Tuesday, 17 September 2013

Why I (Mostly) Quit Writing on the Internet: Hit-Baiting, Churnalism and Reactionary Bollocks

At the start of the year I said that, at some point in the future, I might write a post here about how I fell out of love with wanting to be a full-time movie critic/"journalist" and why I basically stopped maintaining this blog with anything like the frequency of the first two years. I hadn't bothered to do so to date because that's obviously a very self-indulgent thing to do, even by blogging standards, and - quite honestly - who cares about why I decide to do anything? Yet over the past couple of days, in the run-up to the (in gamer circles) highly anticipated release of Grand Theft Auto V, I've started receiving (not entirely unjustified) negative comments on Twitter and elsewhere about an article I wrote on the game for a reasonably widely-read pop-culture website nearly two years ago - which people are obviously coming across on Google now that the game is a hot topic once again.

Basically, I wrote a self-consciously inflammatory piece about the upcoming game long before any footage or screenshots of it had been released (a fairly douchey thing to do, I know), basically outlining a series of flimsy, uninformed and troll-baiting reasons why it would be terrible. I'll get around to explaining why in a moment, because that's sort of the most important part of this whole saga.

That article, which solicited (arguably deservedly, in this instance) typically morale-boosting comments like "wow. That's the worst article I've ever read", was not entirely motivated by snarky cynicism as I originally conceived it: at first I was genuinely interested in having a reasonable discussion about how I feared growing negative feeling about GTA IV, which (somewhat against the grain of fandom) I like and consider a huge step forward for the series, could lead to developer Rockstar taking a backwards step, just as their best-selling series had started to mature. I worried we'd see something more shallow, less focussed and a return to the kind of knock-about, irreverent shenanigans of earlier games in the series. This was me post-The Dark Knight but before The Dark Knight Rises: when the idea of something being dark and grounded had more currency for me than it does now, trite as it's become. But, if I'm honest, I always knew GTA V would turn out to be a polished, entertaining product and that it'd probably be a great game well worth looking forward to.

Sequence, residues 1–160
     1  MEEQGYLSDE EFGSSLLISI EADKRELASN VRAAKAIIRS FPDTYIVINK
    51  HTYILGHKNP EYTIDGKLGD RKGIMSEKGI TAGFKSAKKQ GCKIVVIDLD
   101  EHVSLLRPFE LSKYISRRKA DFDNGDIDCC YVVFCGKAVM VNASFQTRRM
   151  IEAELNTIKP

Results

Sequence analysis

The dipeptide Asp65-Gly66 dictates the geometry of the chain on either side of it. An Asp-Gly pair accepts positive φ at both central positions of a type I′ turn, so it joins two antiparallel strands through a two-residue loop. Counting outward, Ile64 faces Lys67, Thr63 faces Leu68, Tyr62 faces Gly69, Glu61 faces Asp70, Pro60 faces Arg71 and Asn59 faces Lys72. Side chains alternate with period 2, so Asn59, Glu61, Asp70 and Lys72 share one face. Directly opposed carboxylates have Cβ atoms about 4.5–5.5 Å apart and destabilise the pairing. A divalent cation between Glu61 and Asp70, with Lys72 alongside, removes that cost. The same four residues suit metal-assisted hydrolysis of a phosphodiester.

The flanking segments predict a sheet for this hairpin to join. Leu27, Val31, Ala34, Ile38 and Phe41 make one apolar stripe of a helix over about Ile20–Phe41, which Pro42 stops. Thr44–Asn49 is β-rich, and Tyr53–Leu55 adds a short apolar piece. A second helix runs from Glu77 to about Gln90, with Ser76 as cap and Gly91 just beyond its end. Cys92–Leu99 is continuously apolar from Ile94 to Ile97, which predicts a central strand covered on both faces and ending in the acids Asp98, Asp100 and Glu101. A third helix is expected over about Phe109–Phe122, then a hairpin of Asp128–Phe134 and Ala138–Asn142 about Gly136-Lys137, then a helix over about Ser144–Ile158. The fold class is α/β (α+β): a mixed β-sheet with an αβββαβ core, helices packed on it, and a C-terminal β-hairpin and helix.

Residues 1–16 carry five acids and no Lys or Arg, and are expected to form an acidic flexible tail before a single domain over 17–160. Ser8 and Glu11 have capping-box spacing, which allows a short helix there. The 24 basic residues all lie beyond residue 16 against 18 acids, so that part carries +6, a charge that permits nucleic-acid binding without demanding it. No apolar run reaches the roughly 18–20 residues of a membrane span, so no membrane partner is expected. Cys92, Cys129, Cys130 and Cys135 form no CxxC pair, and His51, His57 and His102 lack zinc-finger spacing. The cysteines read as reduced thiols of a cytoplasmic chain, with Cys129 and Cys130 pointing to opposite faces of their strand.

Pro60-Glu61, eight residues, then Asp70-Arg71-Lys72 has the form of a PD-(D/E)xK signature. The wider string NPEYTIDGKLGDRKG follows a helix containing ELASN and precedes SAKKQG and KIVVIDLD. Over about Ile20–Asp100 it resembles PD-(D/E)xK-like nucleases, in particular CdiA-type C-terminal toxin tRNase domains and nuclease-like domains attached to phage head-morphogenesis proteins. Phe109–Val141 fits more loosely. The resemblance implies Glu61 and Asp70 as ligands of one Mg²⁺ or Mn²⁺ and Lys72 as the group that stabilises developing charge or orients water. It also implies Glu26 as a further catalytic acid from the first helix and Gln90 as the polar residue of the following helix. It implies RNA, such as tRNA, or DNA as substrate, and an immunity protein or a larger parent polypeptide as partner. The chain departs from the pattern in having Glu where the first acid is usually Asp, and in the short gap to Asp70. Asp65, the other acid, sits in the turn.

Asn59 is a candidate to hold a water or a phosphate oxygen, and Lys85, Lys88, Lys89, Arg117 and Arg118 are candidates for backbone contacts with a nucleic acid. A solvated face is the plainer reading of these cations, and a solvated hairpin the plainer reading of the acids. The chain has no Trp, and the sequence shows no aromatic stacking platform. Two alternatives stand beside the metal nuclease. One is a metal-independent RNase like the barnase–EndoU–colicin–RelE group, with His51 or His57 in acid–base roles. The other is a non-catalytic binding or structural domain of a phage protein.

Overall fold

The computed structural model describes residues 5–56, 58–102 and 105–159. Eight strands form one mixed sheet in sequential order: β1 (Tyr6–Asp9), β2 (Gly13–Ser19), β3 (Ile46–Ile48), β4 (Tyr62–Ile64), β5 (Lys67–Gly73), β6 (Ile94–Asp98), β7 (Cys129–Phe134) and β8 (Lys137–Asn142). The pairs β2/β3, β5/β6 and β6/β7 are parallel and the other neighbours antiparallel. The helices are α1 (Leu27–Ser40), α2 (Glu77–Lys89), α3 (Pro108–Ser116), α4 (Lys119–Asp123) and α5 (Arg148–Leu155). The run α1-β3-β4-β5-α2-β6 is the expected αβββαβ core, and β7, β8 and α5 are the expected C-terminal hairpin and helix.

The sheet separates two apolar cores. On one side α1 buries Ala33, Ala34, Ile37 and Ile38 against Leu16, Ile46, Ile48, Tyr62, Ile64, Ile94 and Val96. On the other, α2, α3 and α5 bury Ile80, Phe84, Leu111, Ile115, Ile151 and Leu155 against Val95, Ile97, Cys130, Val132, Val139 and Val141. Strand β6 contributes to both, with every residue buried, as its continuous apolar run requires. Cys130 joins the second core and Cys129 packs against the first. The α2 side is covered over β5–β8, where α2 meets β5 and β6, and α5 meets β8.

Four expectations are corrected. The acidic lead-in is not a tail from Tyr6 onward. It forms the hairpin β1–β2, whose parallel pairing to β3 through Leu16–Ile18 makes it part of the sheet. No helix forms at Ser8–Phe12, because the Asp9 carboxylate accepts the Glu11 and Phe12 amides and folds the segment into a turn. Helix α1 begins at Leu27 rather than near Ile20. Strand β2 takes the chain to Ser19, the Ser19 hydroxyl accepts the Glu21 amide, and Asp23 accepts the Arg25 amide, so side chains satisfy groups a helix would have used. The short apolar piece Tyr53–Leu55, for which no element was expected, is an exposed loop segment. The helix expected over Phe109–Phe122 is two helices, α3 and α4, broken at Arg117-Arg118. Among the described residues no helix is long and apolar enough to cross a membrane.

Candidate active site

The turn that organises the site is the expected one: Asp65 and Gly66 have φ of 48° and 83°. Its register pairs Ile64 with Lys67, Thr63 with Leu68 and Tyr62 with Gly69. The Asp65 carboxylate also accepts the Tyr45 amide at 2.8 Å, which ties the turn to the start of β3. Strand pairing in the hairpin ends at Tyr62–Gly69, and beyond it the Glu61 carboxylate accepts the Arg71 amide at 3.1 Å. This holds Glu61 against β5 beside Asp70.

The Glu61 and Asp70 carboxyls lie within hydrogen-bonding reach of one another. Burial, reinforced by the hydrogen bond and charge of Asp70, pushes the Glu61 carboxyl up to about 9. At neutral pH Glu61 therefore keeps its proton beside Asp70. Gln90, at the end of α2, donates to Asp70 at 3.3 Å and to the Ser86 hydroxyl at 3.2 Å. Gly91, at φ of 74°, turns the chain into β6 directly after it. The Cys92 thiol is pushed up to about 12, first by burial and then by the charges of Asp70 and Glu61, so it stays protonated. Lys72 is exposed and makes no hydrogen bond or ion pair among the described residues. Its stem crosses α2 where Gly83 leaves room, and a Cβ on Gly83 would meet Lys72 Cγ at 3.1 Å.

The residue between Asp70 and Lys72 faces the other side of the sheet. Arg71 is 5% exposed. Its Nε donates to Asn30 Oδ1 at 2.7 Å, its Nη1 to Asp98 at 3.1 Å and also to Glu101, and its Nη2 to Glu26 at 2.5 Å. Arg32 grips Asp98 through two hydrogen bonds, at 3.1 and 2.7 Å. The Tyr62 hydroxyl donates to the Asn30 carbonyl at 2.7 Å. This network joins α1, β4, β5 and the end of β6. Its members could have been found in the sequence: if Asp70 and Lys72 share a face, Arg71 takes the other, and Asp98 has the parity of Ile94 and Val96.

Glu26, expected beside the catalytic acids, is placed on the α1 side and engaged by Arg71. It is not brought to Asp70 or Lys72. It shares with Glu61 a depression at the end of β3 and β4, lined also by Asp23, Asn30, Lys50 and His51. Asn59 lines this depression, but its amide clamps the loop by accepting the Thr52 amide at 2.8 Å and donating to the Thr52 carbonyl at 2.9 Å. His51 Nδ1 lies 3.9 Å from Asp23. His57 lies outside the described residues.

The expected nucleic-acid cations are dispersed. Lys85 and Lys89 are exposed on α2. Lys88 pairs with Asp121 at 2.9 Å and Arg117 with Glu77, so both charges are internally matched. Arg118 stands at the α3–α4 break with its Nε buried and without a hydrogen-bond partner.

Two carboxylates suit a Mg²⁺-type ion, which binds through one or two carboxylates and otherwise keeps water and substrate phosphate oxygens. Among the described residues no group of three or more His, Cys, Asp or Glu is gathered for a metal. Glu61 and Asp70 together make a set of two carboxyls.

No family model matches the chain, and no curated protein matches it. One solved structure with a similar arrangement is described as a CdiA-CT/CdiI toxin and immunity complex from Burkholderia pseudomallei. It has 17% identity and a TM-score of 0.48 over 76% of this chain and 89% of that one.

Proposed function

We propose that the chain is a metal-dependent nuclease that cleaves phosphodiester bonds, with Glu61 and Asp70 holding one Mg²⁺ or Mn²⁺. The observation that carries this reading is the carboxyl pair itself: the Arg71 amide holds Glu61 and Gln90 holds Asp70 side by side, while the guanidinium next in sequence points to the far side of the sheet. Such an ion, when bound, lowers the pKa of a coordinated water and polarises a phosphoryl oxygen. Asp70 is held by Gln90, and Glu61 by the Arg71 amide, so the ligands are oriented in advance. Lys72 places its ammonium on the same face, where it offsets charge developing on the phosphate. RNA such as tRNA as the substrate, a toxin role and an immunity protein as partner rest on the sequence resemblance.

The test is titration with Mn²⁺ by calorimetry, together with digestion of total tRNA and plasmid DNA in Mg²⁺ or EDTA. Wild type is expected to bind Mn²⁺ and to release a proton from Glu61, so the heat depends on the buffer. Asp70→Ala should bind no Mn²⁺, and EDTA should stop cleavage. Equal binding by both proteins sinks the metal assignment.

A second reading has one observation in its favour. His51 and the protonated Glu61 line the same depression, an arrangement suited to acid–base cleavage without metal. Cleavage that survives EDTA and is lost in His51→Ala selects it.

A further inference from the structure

The finished game, out this month, may or may not have ended up like I feared, though I'm sure it's a lot of fun regardless. (To be honest, I don't really have time to play games to the extent that I used to and don't really care one way or the other about GTA V.) But the article could have been, in theory, a reasonable piece of commentary saying "I fear [X], but on the other hand [Y]". The troll-baiting snarkyness came from trying to be something I'm not: it came from pressure to attract those all-important "hits" that generate the ad revenue necessary for website owners to make money. Which had just become my problem for the first time.

You see in the run-up to writing that article I had gone from working for the site completely for free - as many young writers, hungry for opportunity are happy/compelled by a penny-pinching industry to do - to being made a sort of sub-editor told that I stood to make X-hundred numbers of pounds per week depending on the number of hits I attracted to the site. At first I attempted to meet this responsibility as I'd always naively imagined it: idealistically commissioning what (I thought) were "worthy" articles about film-making and wider pop-culture (as per the remit of the site). Mostly celebratory, labour-of-love stuff about the wide array of things the site's huge pool of (volunteer) writers were passionate about, from comic books to arthouse movies to sport.